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International Isn't Just for Equities

Our take on four globally minded fixed-income mutual funds.

Lawrence Jones, 10/23/2006

Investors have long been aware of both the diversification and performance benefits that come from holding a segment of their portfolios in non-U.S. equity investments, even if the experts can't always agree on the proper proportion for this international stake.

A similar case can be made for the fixed-income side of a portfolio. Holding international bonds can add useful diversification, as foreign bond markets' performance will often not correlate with domestic fixed-income return movements. And if the securities held are denominated in different currencies, international bonds can also provide investors with foreign currency exposure not easily attainable elsewhere.

And given the extraordinary growth of bond markets overseas, investors ignore international fixed-income markets at their risk. Bond giant PIMCO, for instance, has pointed out that while the U.S. has long been the dominant player in the world's fixed-income marketplace: "Bonds issued in the U.S. now account for less than half of the global bond market.... In other words, avoiding non-U.S. bonds is no longer an option because it limits investors to only half of the available universe of bonds."

Moreover, eminent investors as diverse as PIMCO's Bill Gross and Berkshire Hathaway's Warren Buffett (as well as many others) have long believed that the U.S. current account deficits will likely lead to downward pressure on the value of the dollar relative to other currencies. In fact, Gross believes that the situation could lead to the eventual abandonment of the "strong dollar" policy, and he has counseled investors to move part of their portfolio away from U.S. assets and "toward more competitive economies."

The upshot for investors is that there are several good reasons to consider fixed-income markets from a global perspective. With that in mind, we offer four funds that we think can play a role in many investors' portfolios.

Loomis Sayles Global Bond LSGLX
We like this world bond's experienced management and approach. Fund managers Kenneth Buntrock and David Rolley have significant international investment experience. Prior to joining Loomis Sayles in 1997, Buntrock worked at Mellon Bank in various capacities, including as manager of its foreign exchange currency-trading unit. Rolley's background is in macroeconomic analysis, having held positions as an economist at Drexel Burnham Lambert and as chief financial economist at Wharton Econometric Forecasting Associates (now Global Insight) before coming to Loomis in 1994.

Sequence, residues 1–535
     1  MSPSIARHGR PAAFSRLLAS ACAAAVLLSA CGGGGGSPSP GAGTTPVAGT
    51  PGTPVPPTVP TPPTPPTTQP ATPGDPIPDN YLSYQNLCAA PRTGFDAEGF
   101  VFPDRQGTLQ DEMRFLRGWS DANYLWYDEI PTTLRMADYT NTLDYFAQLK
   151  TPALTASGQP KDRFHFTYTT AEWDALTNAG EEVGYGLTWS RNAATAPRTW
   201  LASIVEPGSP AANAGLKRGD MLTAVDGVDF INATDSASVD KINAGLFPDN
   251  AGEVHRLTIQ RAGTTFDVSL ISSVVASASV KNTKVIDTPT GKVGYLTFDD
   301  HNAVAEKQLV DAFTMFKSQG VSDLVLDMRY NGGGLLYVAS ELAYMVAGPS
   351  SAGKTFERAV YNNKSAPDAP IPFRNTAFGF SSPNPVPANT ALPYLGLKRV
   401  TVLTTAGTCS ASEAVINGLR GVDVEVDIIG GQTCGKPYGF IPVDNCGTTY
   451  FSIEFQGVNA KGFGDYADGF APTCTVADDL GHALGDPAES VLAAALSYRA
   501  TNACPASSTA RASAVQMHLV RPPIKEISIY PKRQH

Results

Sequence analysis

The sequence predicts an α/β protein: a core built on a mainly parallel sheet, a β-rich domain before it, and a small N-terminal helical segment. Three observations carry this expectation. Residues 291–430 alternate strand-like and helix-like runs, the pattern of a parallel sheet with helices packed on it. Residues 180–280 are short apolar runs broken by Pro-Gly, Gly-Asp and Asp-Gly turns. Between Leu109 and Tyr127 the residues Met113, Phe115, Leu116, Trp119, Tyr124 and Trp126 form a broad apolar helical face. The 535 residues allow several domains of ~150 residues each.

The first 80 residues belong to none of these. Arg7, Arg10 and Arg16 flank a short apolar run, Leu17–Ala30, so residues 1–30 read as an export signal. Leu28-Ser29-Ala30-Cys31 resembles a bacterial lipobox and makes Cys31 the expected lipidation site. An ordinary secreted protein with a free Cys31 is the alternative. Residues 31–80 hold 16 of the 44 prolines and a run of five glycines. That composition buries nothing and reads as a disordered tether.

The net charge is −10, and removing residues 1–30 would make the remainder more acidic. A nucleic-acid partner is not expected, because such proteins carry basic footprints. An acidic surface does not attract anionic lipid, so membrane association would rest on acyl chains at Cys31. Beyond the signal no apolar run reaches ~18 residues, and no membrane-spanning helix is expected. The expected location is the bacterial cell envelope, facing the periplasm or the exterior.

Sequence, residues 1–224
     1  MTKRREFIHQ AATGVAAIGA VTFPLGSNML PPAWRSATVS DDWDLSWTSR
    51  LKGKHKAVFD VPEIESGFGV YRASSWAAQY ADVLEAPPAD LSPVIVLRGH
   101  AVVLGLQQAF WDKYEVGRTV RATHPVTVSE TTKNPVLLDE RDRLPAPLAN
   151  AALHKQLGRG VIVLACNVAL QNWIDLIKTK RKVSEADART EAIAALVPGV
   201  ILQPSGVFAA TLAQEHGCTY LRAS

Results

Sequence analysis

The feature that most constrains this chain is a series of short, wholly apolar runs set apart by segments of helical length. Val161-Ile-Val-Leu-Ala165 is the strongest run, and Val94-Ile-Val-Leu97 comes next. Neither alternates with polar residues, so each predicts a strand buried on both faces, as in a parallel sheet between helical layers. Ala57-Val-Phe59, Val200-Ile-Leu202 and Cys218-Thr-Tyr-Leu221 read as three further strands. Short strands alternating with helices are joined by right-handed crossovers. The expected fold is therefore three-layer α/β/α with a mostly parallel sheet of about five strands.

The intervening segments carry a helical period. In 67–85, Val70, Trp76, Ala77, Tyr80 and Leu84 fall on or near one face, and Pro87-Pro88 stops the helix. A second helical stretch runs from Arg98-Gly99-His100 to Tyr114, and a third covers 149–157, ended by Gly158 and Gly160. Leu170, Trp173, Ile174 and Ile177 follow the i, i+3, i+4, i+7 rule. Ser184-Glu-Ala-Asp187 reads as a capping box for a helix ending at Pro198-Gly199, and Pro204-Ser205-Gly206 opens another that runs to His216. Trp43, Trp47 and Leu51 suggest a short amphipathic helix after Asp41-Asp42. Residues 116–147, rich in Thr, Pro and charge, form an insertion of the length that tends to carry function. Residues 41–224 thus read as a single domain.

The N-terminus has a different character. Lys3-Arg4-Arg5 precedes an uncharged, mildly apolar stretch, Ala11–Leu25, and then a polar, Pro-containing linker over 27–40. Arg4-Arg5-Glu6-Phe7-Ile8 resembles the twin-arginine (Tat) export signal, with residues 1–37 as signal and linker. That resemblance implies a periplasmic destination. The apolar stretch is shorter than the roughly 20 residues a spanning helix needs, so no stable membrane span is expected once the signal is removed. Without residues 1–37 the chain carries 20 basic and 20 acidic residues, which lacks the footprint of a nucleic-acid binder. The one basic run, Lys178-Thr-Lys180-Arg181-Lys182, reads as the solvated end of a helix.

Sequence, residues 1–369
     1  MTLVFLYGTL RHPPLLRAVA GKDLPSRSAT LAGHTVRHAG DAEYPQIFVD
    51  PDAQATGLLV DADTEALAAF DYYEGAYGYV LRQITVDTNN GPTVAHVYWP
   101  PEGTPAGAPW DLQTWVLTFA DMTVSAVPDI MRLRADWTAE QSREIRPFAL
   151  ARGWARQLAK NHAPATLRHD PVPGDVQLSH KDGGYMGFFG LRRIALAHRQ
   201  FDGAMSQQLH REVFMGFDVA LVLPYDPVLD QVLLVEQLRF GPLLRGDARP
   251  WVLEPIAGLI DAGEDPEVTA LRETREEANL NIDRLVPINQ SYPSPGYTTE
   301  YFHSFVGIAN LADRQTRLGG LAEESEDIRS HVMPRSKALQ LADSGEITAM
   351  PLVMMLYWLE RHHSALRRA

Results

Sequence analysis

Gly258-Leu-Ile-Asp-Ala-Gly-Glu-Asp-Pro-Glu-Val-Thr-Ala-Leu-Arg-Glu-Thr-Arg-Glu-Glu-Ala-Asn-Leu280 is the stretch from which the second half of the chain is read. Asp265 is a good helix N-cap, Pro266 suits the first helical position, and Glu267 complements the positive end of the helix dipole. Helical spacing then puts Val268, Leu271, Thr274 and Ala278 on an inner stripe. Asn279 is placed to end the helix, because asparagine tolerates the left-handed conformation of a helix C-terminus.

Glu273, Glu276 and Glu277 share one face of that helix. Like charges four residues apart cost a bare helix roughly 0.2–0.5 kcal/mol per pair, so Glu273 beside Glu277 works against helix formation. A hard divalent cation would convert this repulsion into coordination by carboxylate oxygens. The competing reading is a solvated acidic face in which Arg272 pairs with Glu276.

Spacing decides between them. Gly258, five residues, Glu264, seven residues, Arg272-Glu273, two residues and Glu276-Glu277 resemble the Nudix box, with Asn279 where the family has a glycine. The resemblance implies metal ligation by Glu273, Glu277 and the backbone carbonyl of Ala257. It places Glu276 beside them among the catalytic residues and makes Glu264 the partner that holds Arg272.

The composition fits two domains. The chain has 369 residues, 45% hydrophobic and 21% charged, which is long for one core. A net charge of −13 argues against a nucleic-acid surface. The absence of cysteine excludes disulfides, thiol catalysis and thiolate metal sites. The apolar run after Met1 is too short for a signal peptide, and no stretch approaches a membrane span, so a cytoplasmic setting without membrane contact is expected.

Additionally, management is well supported by a seasoned research analyst team. The approach practiced here combines management's macroeconomic outlook, which helps determine the fund's country, currency, and interest-rate positioning, with the value-conscious fundamental research effort for which Loomis Sayles is well known. Depending on their market outlook, Buntrock and Rolley will take varying levels of country, credit, and interest-rate risk.

For example, although homebuilders in the United States are suffering from a slowing housing market in 2006, management saw an opportunity in purchasing bonds issued by Mexican homebuilder Homex HXM, which has a sound balance sheet, and has benefited greatly from the recent expansion of mortgage financing in that country. Additionally, while the Mexican peso has been lagging the dollar of late, the Homex bonds purchased are denominated in U.S. dollars, thus avoiding the peso's slide and preserving the bond's solid return.PAGEBREAK

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